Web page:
The Defend Trade Secrets Act (DTSA), signed into law by President Obama on May 11, 2016, applies “to any misappropriation of a trade secret . . . for which any act occurs on or after the date of the enactment of this Act.” 18 U.S.C. 1836(e). On its face, this would seem to preclude actions based on misappropriation that occurred prior to the DTSA’s enactment. But a recent case from the Southern District of New York shows that it’s possible to sue under the DTSA based on conduct predating the statute’s enactment.

In Syntel Sterling Best Shores Mauritius Limited v. TriZetto Group, Inc., the plaintiff, a healthcare software company, sued a company that previously contracted with the plaintiff to provide software development and other services. According to the plaintiff, after the defendant terminated the parties’ master services agreement, the defendant accessed and downloaded the plaintiff’s confidential documents and used that information to pitch clients. The plaintiff sued for violations of the DTSA, among other claims.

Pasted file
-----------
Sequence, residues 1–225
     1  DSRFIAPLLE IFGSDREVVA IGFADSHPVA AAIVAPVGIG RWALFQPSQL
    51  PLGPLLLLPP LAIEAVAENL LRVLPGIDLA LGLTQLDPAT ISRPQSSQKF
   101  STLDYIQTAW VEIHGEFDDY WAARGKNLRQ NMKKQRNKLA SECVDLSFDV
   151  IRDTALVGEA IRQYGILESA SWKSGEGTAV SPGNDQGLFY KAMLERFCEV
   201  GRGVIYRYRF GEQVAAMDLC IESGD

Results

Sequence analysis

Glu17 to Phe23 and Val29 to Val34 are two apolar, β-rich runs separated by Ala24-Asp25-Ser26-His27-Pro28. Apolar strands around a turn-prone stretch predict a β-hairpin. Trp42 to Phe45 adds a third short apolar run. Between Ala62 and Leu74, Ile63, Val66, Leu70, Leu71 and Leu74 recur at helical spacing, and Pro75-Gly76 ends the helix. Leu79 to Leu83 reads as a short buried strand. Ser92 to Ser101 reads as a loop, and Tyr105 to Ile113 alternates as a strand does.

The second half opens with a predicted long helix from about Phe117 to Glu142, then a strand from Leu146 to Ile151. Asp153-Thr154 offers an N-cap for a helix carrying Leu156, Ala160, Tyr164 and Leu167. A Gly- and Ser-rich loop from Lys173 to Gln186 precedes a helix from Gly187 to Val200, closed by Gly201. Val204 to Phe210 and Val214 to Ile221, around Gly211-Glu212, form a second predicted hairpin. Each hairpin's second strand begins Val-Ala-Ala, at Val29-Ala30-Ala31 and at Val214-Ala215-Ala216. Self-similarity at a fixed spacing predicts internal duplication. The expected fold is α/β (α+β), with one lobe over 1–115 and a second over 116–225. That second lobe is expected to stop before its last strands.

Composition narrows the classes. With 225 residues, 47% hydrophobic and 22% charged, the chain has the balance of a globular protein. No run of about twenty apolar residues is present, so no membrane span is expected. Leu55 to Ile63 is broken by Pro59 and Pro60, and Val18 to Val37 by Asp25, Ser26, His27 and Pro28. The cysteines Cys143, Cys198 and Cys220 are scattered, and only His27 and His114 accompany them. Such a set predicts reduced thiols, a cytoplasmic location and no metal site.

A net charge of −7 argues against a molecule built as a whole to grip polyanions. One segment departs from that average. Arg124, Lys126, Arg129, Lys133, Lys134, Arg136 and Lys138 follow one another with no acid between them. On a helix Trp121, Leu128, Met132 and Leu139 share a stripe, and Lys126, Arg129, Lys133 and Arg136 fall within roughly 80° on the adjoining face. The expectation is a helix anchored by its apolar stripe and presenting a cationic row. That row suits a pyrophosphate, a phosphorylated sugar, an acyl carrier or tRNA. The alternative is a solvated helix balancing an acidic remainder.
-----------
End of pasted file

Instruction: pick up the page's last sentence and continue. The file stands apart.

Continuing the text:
The defendant moved to dismiss, arguing that the amended complaint alleged pre-DTSA conduct. The court rejected this argument:

The plain language of the Act defines misappropriation to include “disclosure or use of a trade secret without the consent of another.” 18 U.S.C. 1839(5) (emphasis added). Accordingly, as Defendants allege that Syntel continues to use its Intellectual Property to directly compete with Trizetto, the wrongful act continues to occur after the date of the enactment of DTSA.

Thus, according to the Southern District of New York, a plaintiff can bring a claim under the DTSA for using a trade secret prior to the DTSA’s enactment, as long as the use continues post-enactment.

Takeaway: Companies who discover misappropriation that began before May 11, 2016 need to investigate whether the defendant continues to use the trade secrets at issue. If continued use can be alleged in good faith, consider bringing a claim under the DTSA.

Syntel v. TriZetto

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